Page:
Dr. Stephen Craig Gillard, M.D.

According to its website, MonaLisa Touch® is a new procedure based on a unique concept and designed to restore the trophic conditions of the vaginal and the vulvar area. Below, Dr. Stephen Craig Gillard describes the procedure in his own words (the content has been edited for readability). You can also watch the video—he discusses the procedure around 1:30 in.

When it comes to pelvic exams (vaginal exams), our urogynecologist Dr. Angel Marie Johnson always starts where you are—learning what you’re comfortable with, understanding what your concerns are, and explaining what to expect each step of the way as she conducts the exam.

Last year, we shared a post that highlighted big moments for GBU and the field of urology in general. It was definitely one of our most popular articles, so we’re back with the 2017 edition.

At Greater Boston Urology, we have two fabulous physician assistants. Donna Robbins works out of our Dedham Care Center and Elisabeth MacDonald is based out of our Falmouth Care Center. A common question we hear from patients is “what does a physician assistant do”? We asked both of our PAs to help us answer this question (as well as some others).

In honor of Bladder Health Month, we asked Dr. Angel Marie Johnson, the director of our Women’s Health Center in Dedham, to provide some insights regarding optimal bladder function. This applies to women and men.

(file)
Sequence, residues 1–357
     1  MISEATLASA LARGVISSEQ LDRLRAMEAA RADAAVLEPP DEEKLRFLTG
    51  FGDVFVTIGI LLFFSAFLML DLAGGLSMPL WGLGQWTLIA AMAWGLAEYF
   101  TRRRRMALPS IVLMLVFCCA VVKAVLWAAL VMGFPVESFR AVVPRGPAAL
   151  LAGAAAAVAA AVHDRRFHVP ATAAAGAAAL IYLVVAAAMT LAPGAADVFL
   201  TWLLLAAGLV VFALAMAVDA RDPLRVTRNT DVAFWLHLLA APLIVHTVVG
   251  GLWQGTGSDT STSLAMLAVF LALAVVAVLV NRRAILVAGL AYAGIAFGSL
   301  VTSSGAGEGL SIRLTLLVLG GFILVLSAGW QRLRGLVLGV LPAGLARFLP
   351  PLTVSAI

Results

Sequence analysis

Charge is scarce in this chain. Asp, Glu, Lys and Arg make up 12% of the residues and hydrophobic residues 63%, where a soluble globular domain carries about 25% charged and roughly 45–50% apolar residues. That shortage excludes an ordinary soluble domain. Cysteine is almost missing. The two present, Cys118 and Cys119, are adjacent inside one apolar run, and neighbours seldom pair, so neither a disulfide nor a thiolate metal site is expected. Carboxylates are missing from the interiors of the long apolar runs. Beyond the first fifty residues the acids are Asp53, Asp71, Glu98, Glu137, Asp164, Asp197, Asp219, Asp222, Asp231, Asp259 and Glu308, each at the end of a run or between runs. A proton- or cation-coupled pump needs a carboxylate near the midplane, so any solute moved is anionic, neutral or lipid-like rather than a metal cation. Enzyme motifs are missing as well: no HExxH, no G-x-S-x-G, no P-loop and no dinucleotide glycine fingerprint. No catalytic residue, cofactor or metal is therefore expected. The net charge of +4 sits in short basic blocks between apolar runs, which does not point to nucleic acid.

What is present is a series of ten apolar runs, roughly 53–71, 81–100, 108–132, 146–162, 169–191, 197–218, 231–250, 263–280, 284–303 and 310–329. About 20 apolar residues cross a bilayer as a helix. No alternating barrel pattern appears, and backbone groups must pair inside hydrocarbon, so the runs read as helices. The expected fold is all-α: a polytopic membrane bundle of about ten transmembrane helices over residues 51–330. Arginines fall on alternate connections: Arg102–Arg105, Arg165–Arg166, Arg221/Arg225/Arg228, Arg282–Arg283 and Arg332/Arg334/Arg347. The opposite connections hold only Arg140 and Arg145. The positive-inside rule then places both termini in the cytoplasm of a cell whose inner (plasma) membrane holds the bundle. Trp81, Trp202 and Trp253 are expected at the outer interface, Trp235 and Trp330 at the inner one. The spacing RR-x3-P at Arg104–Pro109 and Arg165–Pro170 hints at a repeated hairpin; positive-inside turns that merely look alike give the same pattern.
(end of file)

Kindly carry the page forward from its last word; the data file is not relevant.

This month, it’s all about “pogontrophy”—the art of growing a beard (and moustaches and sideburns, too). See, for over a decade now, November has morphed into “Movember”—a month where men are encouraged to grow their winter fur, and for good reason.

Having frank, honest discussions about erectile dysfunction isn’t something many men or women feel comfortable doing with one another—or even their doctors. Certainly, not in the same way we might discuss other medical conditions, such as heart disease or diabetes.

In October of 2013, Les Cavicchi underwent a radical prostatectomy—the removal of the prostate gland. Les had been diagnosed with prostate cancer a month earlier after undergoing a TRUS biopsy.

In the fall of 2013, Les Cavicchi was diagnosed with prostate cancer. Because his cancer was localized (meaning it was contained to the prostate gland—it hadn’t spread), he opted for a radical prostatectomy—the complete removal of the prostate gland.